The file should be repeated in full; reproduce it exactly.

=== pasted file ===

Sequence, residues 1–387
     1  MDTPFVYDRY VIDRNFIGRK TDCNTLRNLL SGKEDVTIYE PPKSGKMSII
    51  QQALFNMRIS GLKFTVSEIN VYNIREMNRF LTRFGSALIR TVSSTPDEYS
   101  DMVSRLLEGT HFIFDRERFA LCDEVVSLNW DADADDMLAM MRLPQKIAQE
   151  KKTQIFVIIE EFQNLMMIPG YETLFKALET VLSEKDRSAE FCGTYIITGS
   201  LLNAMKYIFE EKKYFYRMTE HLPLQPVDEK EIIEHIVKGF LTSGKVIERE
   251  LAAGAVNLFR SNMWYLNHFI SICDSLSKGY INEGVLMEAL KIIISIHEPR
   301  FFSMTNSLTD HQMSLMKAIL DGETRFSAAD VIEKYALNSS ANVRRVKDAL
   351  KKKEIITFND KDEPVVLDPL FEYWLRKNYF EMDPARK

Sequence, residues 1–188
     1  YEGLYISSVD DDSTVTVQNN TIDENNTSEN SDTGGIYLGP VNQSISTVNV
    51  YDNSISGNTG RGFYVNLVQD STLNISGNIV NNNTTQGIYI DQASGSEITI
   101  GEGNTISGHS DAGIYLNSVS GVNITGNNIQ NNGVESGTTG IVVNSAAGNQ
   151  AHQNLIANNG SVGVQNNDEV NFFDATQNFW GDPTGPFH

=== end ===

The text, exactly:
Sequence, residues 1–387
     1  MDTPFVYDRY VIDRNFIGRK TDCNTLRNLL SGKEDVTIYE PPKSGKMSII
    51  QQALFNMRIS GLKFTVSEIN VYNIREMNRF LTRFGSALIR TVSSTPDEYS
   101  DMVSRLLEGT HFIFDRERFA LCDEVVSLNW DADADDMLAM MRLPQKIAQE
   151  KKTQIFVIIE EFQNLMMIPG YETLFKALET VLSEKDRSAE FCGTYIITGS
   201  LLNAMKYIFE EKKYFYRMTE HLPLQPVDEK EIIEHIVKGF LTSGKVIERE
   251  LAAGAVNLFR SNMWYLNHFI SICDSLSKGY INEGVLMEAL KIIISIHEPR
   301  FFSMTNSLTD HQMSLMKAIL DGETRFSAAD VIEKYALNSS ANVRRVKDAL
   351  KKKEIITFND KDEPVVLDPL FEYWLRKNYF EMDPARK

Sequence, residues 1–188
     1  YEGLYISSVD DDSTVTVQNN TIDENNTSEN SDTGGIYLGP VNQSISTVNV
    51  YDNSISGNTG RGFYVNLVQD STLNISGNIV NNNTTQGIYI DQASGSEITI
   101  GEGNTISGHS DAGIYLNSVS GVNITGNNIQ NNGVESGTTG IVVNSAAGNQ
   151  AHQNLIANNG SVGVQNNDEV NFFDATQNFW GDPTGPFH